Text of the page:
A high frequency sonographic technique–ultrasound backscatter microscopy–was used to visualize the subsurface structure of immature porcine articular cartilage from the knee joint. In 20‐week‐old pigs, all parts that were scanned, except the weight‐bearing regions of the femoral condyles, demonstrated heterogeneous ultrasound backscatter characteristics within the articular cartilage. A trilaminar pattern consisting of hypoechoic, hyperechoic, and anechoic layers ranging from superficial to deep generally was observed, except in the weight‐bearing regions of the femoral condyles, where a homogeneous anechoic pattern was seen. In the younger pigs (6 and 10 weeks old), the trilaminar backscatter pattern was not observed. Small, highly echogenic structures that correlated with vascular channels in histologic assessment were observed frequently in the cartilage of younger pigs, but they were seldom present in the cartilage of 20‐week‐old pigs. Structural details, such as disruption of the subchondral bone and presence of a thickened fibrous layer on the articular surface at the chondrosynovial junction, also were detected with the ultrasound backscatter microscope. We concluded that high frequency ultrasound can be used to visualize the subsurface structure of immature articular cartilage and some of its developmental changes. Further research is required to explain the mechanism underlying the observed backscatter characteristics of immature articular cartilage and to study its potential for the imaging of pathologic changes.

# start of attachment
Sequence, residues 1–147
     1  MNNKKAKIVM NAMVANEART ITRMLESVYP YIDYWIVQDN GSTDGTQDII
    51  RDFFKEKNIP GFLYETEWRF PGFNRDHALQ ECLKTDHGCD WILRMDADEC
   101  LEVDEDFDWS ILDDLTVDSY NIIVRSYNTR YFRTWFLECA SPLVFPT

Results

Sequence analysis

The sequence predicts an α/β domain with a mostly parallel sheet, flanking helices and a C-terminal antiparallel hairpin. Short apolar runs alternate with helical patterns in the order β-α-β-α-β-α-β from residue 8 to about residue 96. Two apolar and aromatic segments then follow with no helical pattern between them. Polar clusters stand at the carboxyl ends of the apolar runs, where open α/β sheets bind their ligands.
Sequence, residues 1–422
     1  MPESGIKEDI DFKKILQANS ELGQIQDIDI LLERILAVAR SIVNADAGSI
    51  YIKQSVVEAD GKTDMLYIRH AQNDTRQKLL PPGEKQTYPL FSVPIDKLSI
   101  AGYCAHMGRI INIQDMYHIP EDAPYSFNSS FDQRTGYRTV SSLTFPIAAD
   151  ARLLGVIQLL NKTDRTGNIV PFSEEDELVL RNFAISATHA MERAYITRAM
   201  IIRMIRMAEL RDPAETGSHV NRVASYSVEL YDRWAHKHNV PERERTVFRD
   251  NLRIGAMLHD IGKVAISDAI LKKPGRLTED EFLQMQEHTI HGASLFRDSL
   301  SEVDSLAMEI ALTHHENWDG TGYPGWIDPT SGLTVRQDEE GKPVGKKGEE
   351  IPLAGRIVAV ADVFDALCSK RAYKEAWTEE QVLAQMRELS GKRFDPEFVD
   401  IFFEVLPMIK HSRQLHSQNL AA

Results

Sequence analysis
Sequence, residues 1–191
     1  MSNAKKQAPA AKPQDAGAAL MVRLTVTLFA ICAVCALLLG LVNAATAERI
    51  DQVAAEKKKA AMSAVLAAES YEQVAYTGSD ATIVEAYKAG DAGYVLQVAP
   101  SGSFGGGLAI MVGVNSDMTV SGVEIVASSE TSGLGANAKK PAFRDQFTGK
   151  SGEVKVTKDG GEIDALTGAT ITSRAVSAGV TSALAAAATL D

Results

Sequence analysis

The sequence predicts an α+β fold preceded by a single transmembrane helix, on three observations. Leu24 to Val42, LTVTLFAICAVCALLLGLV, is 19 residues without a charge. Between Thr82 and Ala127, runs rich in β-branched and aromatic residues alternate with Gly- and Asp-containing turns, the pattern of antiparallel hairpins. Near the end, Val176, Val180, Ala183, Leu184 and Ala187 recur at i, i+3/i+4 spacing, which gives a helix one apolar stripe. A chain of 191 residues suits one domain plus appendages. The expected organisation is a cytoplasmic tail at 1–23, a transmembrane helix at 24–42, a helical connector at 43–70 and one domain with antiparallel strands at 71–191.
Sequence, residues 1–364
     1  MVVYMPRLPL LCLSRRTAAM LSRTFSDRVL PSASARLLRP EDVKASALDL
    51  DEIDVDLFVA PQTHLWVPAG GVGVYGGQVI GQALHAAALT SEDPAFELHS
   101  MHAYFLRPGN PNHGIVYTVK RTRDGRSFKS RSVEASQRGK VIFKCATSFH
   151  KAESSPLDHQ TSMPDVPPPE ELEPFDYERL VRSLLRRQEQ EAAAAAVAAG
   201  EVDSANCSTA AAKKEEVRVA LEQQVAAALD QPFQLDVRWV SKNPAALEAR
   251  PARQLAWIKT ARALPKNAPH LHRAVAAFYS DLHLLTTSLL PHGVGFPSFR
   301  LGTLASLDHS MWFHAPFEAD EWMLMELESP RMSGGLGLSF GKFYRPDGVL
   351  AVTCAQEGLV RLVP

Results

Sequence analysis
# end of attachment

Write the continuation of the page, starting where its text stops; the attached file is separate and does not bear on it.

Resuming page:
ASJC Scopus subject areas
- Orthopedics and Sports Medicine